(This is the second in a series of thematically-linked posts my friend Rose-Anne and I are doing. You can go straight to her post here, and in fact I highly recommend it.)
I was on the phone a few weeks ago with one of my nearest and dearest friends when she told me how much it bothered her to know things had changed since she moved away, the feeling that she wasn't keeping up with the lives of her friends. It stopped me short, and left me momentarily speechless. I suddenly felt the terrible inadequacy of the telephone, the attempt at summation of daily life into a weekly or bi-monthly conversation, the pang you get when somebody far away from you mentions an event or a person or a place fondly and you realize that you have no idea what they're talking about. It's a special kind of disorientation, to suddenly discover that a medium which is supposed to promote communication is instead capable of leaving you with such a vast and barren feeling of isolation.
I remember that feeling from when I moved to Chicago. I'd left behind everything I knew, friends and family and my lover, easy transportation and mountains and a sense of place, and instead of approaching my new surroundings with an open mind I spent a lot of time on the phone trying to pretend that I was still where I had been. That first year I literally felt like I had moved to a foreign country, one where girls wore high heels paired with jeans even in the snow, where there were large bodies of water really nearby and it was cold all the time, and instead of exploring what was new I mostly just moped around wishing for what was familiar. But of course, no matter how hard I tried to pretend that nothing had changed, I ran again and again into the realization that really I was on my own, and the voice on the other end of the line was living a completely different life from mine. I think the refusal to accept that slowed down the process of letting here become home; if I’d opened myself up to what was happening to me instead of what wasn’t, I would perhaps have been much happier much sooner. Alas for being young and foolish and heartsick!
There is an art to long-distance connection, to knowing where you are and where other people are and recognizing that those are not the same, but without letting go of what made you close in the first place. I'm trying to keep this in mind, because suddenly a great many people I know have moved or are moving or have long lived elsewhere, and I couldn't bear to lose them all. In the space between last year and next year, nearly all of the people who are closest to me are changing locations. Chicago to California, Texas, Canada, New York and New York and New York again and again; Alaska to Albuquerque, California and Canada to destinations yet to be determined. My friends and loved ones are and will be learning new cities, adjusting to different geographies, and seeing what that means for their future selves. They will change, because their lives will demand it of them, and I here in Chicago will change, and so what will we talk about in that moment when it becomes obvious that we are no longer exactly the same people who rode our bikes through the streets or spent evenings baking cookies together?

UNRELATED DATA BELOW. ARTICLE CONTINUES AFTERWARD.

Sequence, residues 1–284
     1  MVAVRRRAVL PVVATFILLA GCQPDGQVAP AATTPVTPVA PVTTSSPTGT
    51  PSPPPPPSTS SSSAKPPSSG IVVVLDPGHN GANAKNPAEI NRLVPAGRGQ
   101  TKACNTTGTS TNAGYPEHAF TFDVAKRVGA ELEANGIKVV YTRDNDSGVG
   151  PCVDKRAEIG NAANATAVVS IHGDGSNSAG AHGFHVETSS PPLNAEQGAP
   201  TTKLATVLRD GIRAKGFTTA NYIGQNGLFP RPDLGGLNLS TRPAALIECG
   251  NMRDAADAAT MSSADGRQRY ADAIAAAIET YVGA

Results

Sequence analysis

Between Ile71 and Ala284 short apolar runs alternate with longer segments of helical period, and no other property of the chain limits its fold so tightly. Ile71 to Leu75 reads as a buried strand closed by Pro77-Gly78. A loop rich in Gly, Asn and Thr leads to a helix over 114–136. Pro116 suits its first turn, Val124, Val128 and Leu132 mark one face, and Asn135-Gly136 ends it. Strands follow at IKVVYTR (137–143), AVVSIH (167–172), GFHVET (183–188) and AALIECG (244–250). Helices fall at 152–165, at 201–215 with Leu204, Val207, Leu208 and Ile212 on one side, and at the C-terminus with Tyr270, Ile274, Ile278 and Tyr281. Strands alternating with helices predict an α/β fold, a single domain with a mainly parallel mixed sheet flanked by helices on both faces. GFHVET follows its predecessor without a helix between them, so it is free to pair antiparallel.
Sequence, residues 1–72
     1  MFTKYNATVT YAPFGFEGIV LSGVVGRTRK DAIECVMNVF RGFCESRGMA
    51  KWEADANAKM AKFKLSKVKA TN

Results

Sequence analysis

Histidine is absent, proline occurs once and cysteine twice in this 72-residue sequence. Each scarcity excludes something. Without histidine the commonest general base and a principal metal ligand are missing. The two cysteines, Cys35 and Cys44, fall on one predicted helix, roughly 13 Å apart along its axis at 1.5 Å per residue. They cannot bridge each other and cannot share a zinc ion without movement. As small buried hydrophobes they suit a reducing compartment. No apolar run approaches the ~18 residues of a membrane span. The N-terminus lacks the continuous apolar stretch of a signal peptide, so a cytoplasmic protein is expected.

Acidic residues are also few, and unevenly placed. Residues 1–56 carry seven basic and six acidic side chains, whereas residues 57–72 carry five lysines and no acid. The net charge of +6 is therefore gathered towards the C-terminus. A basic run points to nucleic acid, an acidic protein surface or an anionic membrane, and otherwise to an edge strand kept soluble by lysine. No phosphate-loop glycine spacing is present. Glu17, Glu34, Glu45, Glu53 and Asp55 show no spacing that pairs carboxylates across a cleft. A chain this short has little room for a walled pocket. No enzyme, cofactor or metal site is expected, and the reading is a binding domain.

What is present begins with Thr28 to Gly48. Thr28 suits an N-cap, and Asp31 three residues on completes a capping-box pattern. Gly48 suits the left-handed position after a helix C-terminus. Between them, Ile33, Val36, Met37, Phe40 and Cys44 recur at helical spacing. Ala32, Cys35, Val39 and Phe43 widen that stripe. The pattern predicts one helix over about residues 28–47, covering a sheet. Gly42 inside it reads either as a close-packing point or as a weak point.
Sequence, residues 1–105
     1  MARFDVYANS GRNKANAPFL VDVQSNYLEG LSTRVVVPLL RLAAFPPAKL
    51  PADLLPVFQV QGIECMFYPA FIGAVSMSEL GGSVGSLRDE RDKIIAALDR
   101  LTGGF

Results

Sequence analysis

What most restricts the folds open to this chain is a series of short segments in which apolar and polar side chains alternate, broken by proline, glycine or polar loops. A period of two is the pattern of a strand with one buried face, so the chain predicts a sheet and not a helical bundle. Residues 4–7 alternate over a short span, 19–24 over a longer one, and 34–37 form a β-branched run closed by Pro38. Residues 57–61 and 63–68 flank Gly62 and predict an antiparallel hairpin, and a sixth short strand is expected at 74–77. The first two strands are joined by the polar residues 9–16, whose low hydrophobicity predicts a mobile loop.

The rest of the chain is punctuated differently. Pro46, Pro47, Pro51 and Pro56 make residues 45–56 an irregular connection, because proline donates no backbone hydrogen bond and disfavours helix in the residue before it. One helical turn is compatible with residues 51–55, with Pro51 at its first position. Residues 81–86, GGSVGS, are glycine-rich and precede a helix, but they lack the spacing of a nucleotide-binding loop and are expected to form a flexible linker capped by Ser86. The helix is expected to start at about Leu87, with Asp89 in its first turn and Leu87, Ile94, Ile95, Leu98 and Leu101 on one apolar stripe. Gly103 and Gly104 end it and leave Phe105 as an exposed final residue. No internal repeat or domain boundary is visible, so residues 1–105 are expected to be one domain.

Proximity is certainly helpful to friendship and affection but I refuse to believe that it's the only reason for being emotionally close to somebody, and not only because I'd be screwed next year what with the mass exodus and all. I believe instead that the people who I’m really connect with will stay around, if only metaphorically. In light of this hope, I’ve recently been making a concerted effort to be a better friend, to keep up with those who are still here and to renew and strengthen my long-distance connections with those who have already left. As part of that effort I’ve been writing emails and the occasional letter (snail mail, gasp!), making phone calls, and I’ve even learned how to use skype, but as I do all of these things I’m also trying hard to leave space for myself to be alone and to make sure that I don’t forget where and who I am. I’m here, in this city that I love almost in spite of myself, and there are no plans to change that in the immediate future. I am where I am, and I want to appreciate that even as I keep the people I love close to my heart.
It’s especially important for me to remember that last part now because, well… I’m a little bit jealous. There’s all this flow all around me, I’m reading books about far-off places that I’ve yet to visit, so many people I care about are relocating, and basically I’m in the throes of mini-wanderlust even as I bolt bookshelves into my walls. It’s paradoxical, the desire to strengthen my roots even as I dream of elsewhere. My attempts to stay closer to people who aren’t here are also a way to remind myself why I am still here: because I’m happy, because there are things here that I’m not ready to leave yet, because this is where I met many of those wonderful people and because I have hopes of meeting many more. There will be time for travelling later, I believe. Now is the time to learn how to be the one who stays.